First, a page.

This robot was designed for demonstration purposes. It uses IR detection techniques to play catch with people using a basket and a 4,200RPM pitching wheel. It also has a 36" 3 axis arm capable of manipulating objects up to 3lbs.
The robot has 2 powered swerve pods with 2 omniwheels in the front to act as castors. The swerve pods have 720 degrees of rotation in both directions with 12V motors directly driving the wheels on the pods. This drive configuration allows fully holonomic motion, allowing translation as well as rotation at the same time.
Controller/CPU: Lego NXT
It is a Lego Mindstorms NXT running RobotC. The code is based on a 8 core processing model with 16 total threads running to manage all the parts of the robot.
2: Quadrature encoders on the swerve pods for PID position control
2: Quadrature encoders on the arm motors for PID position control
8: tactile limit switches on a HiTechnic Protoboard:
2: on the arm for automatic calibration
3: on the internal elevator for min/max travel limits and to tell if the robot has a whiffle ball
2: on the swerve pods to automatically calibrate the rotations
1: on the basket to calibrate the up position
1: IR direction sensor to detect where the person to play catch with is
6: current monitors on all the motor and servo controllers to prevent burning up components
8: 12V, 152RPM, 5A, DC Motors
7: Hitec HS-785HB servos
2: Pico Switch Relays for controlling the LED Light strips
The gearing used on the robot is as follows:
Swerve Pods: 1:1 gearing for rotation, direct drive for the wheels
Basket: 1:12 for raising and lowering it
Shooter: 27:1 gearing for approximately 4,200 RPM at full speed
Shoulder joint has a 1:6 reduction
Elbow has a 1:2 reduction
Wrist has a 1:1 ratio
This robot was created as a general purpose demonstration robot. Its main features are a 36" 3 axis arm, a swerve drive with 2 pods capable of holonomic movement, and a catching/pitching mechanism for playing catch.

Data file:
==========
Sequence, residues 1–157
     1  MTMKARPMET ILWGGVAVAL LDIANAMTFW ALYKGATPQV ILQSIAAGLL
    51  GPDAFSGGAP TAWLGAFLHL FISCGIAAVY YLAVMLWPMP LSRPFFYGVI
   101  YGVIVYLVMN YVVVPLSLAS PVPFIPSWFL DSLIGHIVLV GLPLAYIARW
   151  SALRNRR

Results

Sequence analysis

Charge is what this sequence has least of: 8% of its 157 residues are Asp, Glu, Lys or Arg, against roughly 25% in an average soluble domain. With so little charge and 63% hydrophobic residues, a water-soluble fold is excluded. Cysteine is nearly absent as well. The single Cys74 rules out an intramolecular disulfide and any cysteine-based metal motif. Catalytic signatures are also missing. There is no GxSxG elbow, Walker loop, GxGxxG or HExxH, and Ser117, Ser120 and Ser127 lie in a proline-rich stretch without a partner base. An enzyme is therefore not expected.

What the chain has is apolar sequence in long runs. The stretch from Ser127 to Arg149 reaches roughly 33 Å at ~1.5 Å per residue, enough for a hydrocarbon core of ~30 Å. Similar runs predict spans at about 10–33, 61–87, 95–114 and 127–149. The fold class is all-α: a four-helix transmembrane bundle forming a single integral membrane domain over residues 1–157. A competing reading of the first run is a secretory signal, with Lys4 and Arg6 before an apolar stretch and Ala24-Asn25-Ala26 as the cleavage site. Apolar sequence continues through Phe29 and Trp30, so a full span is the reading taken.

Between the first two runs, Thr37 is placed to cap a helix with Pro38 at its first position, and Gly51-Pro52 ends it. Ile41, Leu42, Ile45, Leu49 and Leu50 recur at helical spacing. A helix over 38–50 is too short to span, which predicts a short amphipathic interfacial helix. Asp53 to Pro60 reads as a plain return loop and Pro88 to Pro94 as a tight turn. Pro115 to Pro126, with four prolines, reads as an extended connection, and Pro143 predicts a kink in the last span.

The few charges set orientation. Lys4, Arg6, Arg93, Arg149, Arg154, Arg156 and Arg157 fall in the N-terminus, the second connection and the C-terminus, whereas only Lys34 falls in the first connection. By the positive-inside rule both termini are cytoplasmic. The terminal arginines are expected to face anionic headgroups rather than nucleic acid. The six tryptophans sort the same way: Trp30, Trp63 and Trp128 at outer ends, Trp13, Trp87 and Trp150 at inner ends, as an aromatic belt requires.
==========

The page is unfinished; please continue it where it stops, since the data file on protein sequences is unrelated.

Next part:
The drive base on the robot is a swerve drive. Each of the pods have a rotational limit of +/- 720 degrees with a rotational speed of 800 degrees per second. One of the hardest parts about programming this robot was the calculation of the individual pods target vectors based on the desired overall translation and rotation vectors. To make that challenge even more complicated, the drag the omniwheel castors caused had to be calculated and compensated for because they provide a rotational force when moving sideways. The solution I used to overcome the omniwheel drag was adding a rotational scalar to the desired rotation based on the magnitude of the sideways translation. The individual target vectors for the pods were calculated as follows:
1: Creating a vector perpendicular to the line from the center of the robot to the axis of rotation of the pod and multiplying it by the desired rotation
2: Adding the final vector from 1. to a vector directly derived from the desired translation of the robot
(The code is going to be added to the photo gallery for this robot)
For the arm on the robot I implemented a Jacobian based IK engine that keeps the wrist as close to the desired angle as possible while moving the arm. The joint angles are all calculated based on a target location in a rectilinear coordinate grid with the origin located at the shoulder joint. The arm uses PID control loops along with quantic power curves to ensure that joint movements are relatively smooth and accurate. The arm is capable of lifting a maximum of 3lbs at 20".
The shooting and catching mechanism is a system of the robot that is designed to play catch autonomously with a person using standard whiffle balls. The robot uses a IR sensor to locate a pin with a IR beacon worn on the catcher's chest in order to determine where the person to throw the ball to is located. Once the robot has tossed the ball to the person it is able to track them while waiting for the ball to be tossed back. Once the ball has been tossed back the robot will position itself in the ideal location to toss the ball back and then throw it back. The physical construction of the catching system is quite simple. The basket uses polycarbonate flaps to enclose the side, along with 1/4" surgical tubing for the bottom, to provide a flexible, forgiving catching system. The robot uses a continuous rotation servo with a rack and pinion to lift the whiffle ball into the shooter. The shooter is composed of a wheel spinning 4,200RPM with a 39 degree curved hood to angle the shot towards the person catching the ball.
The robot is still a work in progress in this video:
Here is a video of the robot almost done. This includes how the robot calibrates itself, updated drive control methods, a demonstration of the arm, and a demonstration of the autonomous catch playing feature: